There seems to be a pattern of my interaction with Coldplay records. Its quite a simple formula really, once one gets the hang of it. It goes as follows:
Step One: Hear the first single on the radio.
Step Two: Talk endless amounts of crap about it, how Coldplay is a total rip off band, with no talent at all.
Step Three: Accidentally trip into hearing the rest of the record. Love it.
Step Four: Be a total ass and retract all of the negativity I spouted Chris Martin’s way, however poetic my attacks on his art may have been.
With that in mind, X&Y is a good record. It has its problem, and its shortcomings, but overall, it is certainly one of the most solid rock records that 2005 has offered up as yet.
After hearing “Speed of Sound” pollute my radio, I was sure that the Coldplay formula had hit a concrete wall, that the band had found a groove with their hit “Clocks”, and were content to stay there, that they had no interest in changing or pushing themselves at all. The word ‘safe’ was bandied about by everyone I know. The same way that “Yellow” and “In My Place” turned my stomach, I flipped the station as soon as the first notes of that generic piece of trash began to worm their way into my ears.
Jesus man, I thought you said it was good.
Two words: “Fix you”. This slow mournful piano tune, in which Martin laments the loss of his wife’s father, and his inability to make her feel whole again brought me to tears the first time I heard it — it is that good. The interplay of Martin’s wispy voice, with the backup harmonies and organic strings pulls the listener out of their world, and into his, if only for a few moments. One doesnt notice that there are no drums, until Will Champion appears at just the right moment, slipping into a build, and the song transforms from a mournful ode to helplessness into an anthem that doesnt seem right unless blown out through the speakers of an arena. Martin’s lyrics are even in rare form, the point yet beautiful, as he sings “when you love someone, but it goes to waste, what could be worse?”.
…the strings slapping becoming as tangible and as important as the notes themselves
Before you can catch your breath from the epic finale of “Fix You”, the band offers up “Talk”, which signals a direction I would love to see the band take. Utilizing the ambient sound of a spaced out keyboard, and mixing it with a catchy digitized lead guitar riff, the band creates a tune that is at once indie and rock, mainstream and unique. “A Message” almost allows the listener to feel the vibrations of Martin’s acoustic guitar, the strings slapping becoming as tangible and as important as the notes themselves. When the pounding drums come in for the chorus, the song takes on another feel, a solid rock song in its own right, soaring above the humble origins of the song.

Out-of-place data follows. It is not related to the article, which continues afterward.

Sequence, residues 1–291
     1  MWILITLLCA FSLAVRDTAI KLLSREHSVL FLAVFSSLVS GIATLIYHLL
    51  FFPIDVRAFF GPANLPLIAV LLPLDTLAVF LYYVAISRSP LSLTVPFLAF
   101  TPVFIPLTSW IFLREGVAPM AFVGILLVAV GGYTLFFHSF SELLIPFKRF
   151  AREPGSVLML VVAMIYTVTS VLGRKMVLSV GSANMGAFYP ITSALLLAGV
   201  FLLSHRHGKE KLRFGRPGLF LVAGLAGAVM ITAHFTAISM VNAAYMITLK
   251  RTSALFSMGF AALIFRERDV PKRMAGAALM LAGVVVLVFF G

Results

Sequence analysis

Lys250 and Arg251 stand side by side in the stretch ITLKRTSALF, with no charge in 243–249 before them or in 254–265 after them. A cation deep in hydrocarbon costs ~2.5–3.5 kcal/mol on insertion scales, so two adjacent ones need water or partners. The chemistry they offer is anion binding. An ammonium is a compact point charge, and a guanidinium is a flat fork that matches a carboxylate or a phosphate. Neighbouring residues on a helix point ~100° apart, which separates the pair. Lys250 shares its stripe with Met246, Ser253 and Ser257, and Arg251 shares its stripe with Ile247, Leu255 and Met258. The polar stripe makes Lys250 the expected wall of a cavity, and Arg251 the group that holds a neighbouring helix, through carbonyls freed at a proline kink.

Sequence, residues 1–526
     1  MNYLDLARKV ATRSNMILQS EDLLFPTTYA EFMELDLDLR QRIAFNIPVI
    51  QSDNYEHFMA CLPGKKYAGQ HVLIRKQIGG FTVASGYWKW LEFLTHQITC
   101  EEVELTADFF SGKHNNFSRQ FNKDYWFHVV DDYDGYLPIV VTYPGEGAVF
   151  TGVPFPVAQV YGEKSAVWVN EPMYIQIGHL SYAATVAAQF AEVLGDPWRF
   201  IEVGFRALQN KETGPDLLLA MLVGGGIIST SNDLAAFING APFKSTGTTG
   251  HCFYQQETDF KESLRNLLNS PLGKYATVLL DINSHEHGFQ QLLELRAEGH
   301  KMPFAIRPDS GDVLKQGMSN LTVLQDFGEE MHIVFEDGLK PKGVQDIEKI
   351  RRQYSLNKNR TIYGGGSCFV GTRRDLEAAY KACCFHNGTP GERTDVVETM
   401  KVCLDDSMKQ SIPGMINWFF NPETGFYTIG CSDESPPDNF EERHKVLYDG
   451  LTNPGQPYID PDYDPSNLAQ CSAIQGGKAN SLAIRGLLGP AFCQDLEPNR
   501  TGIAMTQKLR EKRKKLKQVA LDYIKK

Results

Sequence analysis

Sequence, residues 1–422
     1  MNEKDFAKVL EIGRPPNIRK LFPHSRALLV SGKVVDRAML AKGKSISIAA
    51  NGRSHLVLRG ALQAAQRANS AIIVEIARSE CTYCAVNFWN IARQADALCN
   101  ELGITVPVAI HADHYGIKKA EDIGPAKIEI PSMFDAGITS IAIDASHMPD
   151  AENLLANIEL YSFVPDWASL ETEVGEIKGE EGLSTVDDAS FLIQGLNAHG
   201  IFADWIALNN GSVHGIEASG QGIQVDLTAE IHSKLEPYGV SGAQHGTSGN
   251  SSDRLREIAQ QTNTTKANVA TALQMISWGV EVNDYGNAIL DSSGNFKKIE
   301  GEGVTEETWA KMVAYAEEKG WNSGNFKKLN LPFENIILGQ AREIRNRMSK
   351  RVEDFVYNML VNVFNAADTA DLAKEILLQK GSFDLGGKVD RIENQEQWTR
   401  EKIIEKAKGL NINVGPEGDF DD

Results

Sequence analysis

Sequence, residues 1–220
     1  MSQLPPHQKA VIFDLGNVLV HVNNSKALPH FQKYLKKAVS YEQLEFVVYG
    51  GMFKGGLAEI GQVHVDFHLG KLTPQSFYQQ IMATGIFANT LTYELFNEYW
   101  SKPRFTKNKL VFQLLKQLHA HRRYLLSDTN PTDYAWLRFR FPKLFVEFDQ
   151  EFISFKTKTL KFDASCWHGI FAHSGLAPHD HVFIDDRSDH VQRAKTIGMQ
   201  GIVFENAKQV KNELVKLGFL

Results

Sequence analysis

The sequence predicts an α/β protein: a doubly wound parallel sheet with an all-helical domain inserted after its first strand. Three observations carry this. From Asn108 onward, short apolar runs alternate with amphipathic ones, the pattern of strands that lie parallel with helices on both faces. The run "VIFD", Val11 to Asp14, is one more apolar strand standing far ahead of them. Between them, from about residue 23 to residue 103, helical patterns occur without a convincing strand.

Don’t carried away thinking “has Coldplay really grown up and become the band that they could be, abandoning tried and true structures of songs that have gotten their records to all sell faster than (insert cliche)?” No, they haven’t. At the end of the day, this record is still ‘safe’, but its a ‘safe’ that leaks into new sounds that the band hasn’t played with before; the resulting tenative exploration is a treat to listen to.
The record still has its problems, most notably, in my opinion, Martin’s lyrics. He refuses to push the potential that is glimpsed in single lines here and there in his songs, from obscurity to the norm. Finding a nugget of a poem in a Coldplay song is a treat, I just wish that there were more whole songs that capture the honesty in “Fix You” and less that drone on like the opening of “What If”, which waxes “What if i got it wrong?/and no poem or song/could put right what I got wrong/and make you feel I belong?” Yes, thats right. He rhymes wrong with wrong. This is a man who is getting paid millions of dollars to write these lyrics, the least he can do is not repeat his trite words into even more forced rhymes.
…and that they had more pressure on them to create a solid record this time out than ever before
The band hasnt found themselves any more on this record than on their others, but they are ever so slightly forcing themselves not to nap on their laurels, but are allowing their sound to mature and change. That said, they are also very aware with this record, of their superstar status. It was certainly on the mind of these four social crusaders from the UK, that their latest record would go Platinum in its first month of release, and that they had more pressure on them to create a solid record this time out than ever before.
All in all, a solid pop/rock record, but still give me Parachutes any day of the week over this more polished product.